Paul Hodgkinson recalls that throughout this drawn-out process, William ‘voiced his frustrations’ but ‘wasn’t agitated’.
But by the time the appeal was dismissed, William’s family were already seriously worried about his state of mind. He sent threatening and abusive emails, accusing family members of ruining his life.
In late 2020, he went on the rampage at Hazelton, destroying family photographs and scratching out the faces of relatives. On another occasion, he attacked his mother, grabbing her from behind by the neck, throwing her on the floor and telling her that he was going to kill himself.
William was arrested and told he could not return home but did so anyway. Fearing for Valerie’s safety, relatives fitted locks to her doors and windows.
Even then, William returned to the property at night, sleeping on a straw bale in an outhouse before gaining entry to the house.
According to a family source, Valerie was too afraid to do anything and didn’t want to be stigmatised by going to a domestic violence charity. Above all, she didn’t want to give up on her son at a time when she still believed that their development plans might be given the go ahead. Eventually she let him move back in.
But in November 2021, she contacted mental health services registering her concerns about William’s condition, telling them her son said he was receiving signs from the radio, TV and media.
By February this year, Will had been forced to leave Hazelton again. But even then, Valerie allowed him to live rent-free in a property divided into bedsits that she owned in the centre of Cheltenham.
It was there on February 17 this year that he attacked another tenant with a knife. He was detained under the Mental Health Act and taken to Wotton Lawn, an 88-bed acute mental health facility in Gloucester.
William leaving Oxford Magistrates Court after receiving a non-conviction restraining order for leaving ‘unwanted items’ at the home of supermodel Kate Moss in April 2019
But on March 1 he was allowed out on escorted leave and went to a nearby petrol station where he bought shampoo and got £100 cash back. He also booked a taxi, using the name Peter, to pick him up later that day from the unit.
That evening, he was allowed to walk, unaccompanied, from his ward to the courtyard. CCTV captured him leaving the unit through the reception front door.
The taxi he had booked collected him at 9.45pm. Yet it wasn’t until midnight that staff noticed he had gone and contacted the police to make a missing person report.
Tragically, no one warned Valerie or Clive, who was living at a separate address in Cheltenham, that their dangerously ill son was on the loose.
By this time William was en route to his mother’s home. After being picked up by the taxi, he had asked the driver to stop at a garage and buy him a small bottle of brandy and two bottles of Red Bull. They stopped again and bought another bottle of brandy.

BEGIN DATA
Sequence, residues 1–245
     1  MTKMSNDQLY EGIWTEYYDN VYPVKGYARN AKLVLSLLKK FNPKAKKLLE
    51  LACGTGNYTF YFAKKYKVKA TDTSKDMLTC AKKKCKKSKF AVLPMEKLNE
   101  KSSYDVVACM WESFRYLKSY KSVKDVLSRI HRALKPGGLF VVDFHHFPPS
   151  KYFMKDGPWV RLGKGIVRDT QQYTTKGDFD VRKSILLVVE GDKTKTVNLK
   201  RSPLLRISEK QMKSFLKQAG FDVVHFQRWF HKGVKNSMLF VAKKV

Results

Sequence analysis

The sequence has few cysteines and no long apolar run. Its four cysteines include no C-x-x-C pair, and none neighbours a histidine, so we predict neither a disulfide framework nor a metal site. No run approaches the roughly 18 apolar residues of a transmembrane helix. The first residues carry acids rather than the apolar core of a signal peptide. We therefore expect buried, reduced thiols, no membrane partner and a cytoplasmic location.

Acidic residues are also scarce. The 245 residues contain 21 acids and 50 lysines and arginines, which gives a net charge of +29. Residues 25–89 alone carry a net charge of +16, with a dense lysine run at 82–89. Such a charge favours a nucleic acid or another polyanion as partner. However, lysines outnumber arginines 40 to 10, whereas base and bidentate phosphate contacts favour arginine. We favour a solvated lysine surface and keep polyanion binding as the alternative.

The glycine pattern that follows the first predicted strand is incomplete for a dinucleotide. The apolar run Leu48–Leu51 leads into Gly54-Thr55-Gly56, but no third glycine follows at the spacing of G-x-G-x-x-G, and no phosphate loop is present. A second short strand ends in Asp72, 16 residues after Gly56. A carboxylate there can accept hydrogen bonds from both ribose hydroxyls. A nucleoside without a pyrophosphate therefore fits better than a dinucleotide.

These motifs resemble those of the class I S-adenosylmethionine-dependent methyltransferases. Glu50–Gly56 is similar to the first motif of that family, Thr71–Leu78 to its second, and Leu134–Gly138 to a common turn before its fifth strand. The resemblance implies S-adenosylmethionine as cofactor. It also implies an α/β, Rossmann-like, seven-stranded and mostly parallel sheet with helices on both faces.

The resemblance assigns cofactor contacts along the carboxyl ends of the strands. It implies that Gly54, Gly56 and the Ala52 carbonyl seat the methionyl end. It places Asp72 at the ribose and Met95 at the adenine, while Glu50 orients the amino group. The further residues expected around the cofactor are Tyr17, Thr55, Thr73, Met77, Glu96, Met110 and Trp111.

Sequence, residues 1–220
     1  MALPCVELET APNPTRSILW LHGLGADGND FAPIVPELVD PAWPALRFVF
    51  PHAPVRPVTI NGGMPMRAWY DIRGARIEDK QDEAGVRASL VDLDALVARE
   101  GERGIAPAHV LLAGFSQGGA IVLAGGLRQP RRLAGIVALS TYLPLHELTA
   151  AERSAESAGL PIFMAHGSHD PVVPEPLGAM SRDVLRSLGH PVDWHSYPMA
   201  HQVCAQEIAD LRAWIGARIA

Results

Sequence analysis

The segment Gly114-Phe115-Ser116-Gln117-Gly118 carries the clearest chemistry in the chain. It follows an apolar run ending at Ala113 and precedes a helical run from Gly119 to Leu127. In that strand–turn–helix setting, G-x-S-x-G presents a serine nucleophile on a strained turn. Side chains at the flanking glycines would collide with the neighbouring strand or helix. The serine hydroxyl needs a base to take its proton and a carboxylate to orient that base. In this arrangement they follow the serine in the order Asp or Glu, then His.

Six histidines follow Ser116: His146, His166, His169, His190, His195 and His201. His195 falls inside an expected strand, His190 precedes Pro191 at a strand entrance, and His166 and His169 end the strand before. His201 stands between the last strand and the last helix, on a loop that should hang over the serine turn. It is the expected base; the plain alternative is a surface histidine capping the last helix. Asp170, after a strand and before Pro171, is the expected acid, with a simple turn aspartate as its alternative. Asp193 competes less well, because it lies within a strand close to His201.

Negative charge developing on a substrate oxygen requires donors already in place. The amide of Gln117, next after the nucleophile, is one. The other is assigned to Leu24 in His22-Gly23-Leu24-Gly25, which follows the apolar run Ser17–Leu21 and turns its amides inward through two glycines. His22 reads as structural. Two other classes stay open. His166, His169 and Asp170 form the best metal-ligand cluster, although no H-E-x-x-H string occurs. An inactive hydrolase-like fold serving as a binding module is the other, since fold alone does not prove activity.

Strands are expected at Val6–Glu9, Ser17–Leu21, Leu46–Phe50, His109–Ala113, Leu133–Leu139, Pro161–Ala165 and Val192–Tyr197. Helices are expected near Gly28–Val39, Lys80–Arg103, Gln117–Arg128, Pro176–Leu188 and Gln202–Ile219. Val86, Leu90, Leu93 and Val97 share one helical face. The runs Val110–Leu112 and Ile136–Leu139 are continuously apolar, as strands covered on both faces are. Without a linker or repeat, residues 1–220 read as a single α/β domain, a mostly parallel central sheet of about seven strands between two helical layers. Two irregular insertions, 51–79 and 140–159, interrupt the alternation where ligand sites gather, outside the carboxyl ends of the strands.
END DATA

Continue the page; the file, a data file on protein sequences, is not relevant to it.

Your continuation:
Eventually running out of money, he was dropped five miles short of his mother’s home and continued to Bourton-on-the-Water on foot. Once there, as he had done many times before, he broke into the house where Valerie was sleeping.
William has given varying accounts of the exact sequence of events that night. He admitted attacking Valerie with a knife and inflicting injuries to her face and eyes before cutting her throat.
Afterwards he slept, before taking his mother’s body outside and driving over it in her car. At dawn, he set off on the 40-minute drive to Cheltenham, to kill his father in the same way. Neighbours were woken by shouting and loud noises and heard Clive pleading for help and asking: ‘Why are you doing this?’
While calling the police, they heard William calling his father a ‘c***’ and saying: ‘I am really going to enjoy this.’
By the time police arrived, Clive was dead. William, covered in blood, was arrested later, walking down a road. It was only then that they sent officers to check on Valerie at Hazelton and found another scene of utter horror.
In court last week, Mrs Justice Eady asked if Gloucestershire Police were aware of the threats Warrington had made against his family when they received the missing person report from Wotton Lawn on the night of March 1.
Looking at the police log, a prosecution lawyer told the judge: ‘From what it says on this document there is no indication that there was a particular danger to anybody posed by Mr Warrington.’
A Care Quality Commission inspection of Wotton Lawn earlier this year made no mention of the incident.
A previous court artist sketch of William Warrington appearing on screen by video link at Cheltenham Magistrates Court
Cllr Paul Hodgkinson, who is also the Liberal Democrat health spokesperson at Gloucestershire County Council, says: ‘The whole health service is under very intense pressure and things can happen. It’s very worrying.’
But he adds: ‘There has to be an inquiry. I would want to be reassured that that particular mental health facility for Gloucestershire is as secure as it can be.’
There are two forthcoming inquiries, in addition to a multi-agency ‘domestic homicide review’ — a mandatory requirement in cases involving relatives or those in relationships.
A spokesman for Gloucestershire Health and Care NHS Foundation Trust said: ‘The deaths of Clive and Valerie Warrington were both shocking and tragic and we continue to offer our sincere condolences to everyone affected.
As well as supporting Gloucestershire Police with their inquiry, we are undertaking our own investigation. The outcome will be shared with NHS England and the Care Quality Commission who will further scrutinise this as per national requirements. Any learning will be thoroughly addressed, however we will not say anything more until the family has been given the opportunity to be fully updated on the findings.’
For the Warringtons’ other children, any lessons learnt from this terrible tragedy will come too late.
William Warrington, 40, was charged with the murder of Clive (left) and Valerie (right) but a manslaughter plea was accepted
In a statement released last week, they said: ‘William’s mental health has visibly been in decline for the past decade and the deterioration accelerated due to a deficiency in support. As he lost his mind, we lost our brother.’
The devastated siblings added: ‘Our worst nightmares were realised in the crimes that were committed on March 2, 2022.
‘We couldn’t have foreseen the events of that day. However, weeks prior, fears for the safety of the family had been communicated to the emergency services, Gloucestershire Police and the NHS care trust at Wotton Lawn hospital.’
They concluded by saying that they believed William ‘continues to pose a threat to the family.
‘The idea that he might one day be released is horrifying. We remain living in fear for our safety.’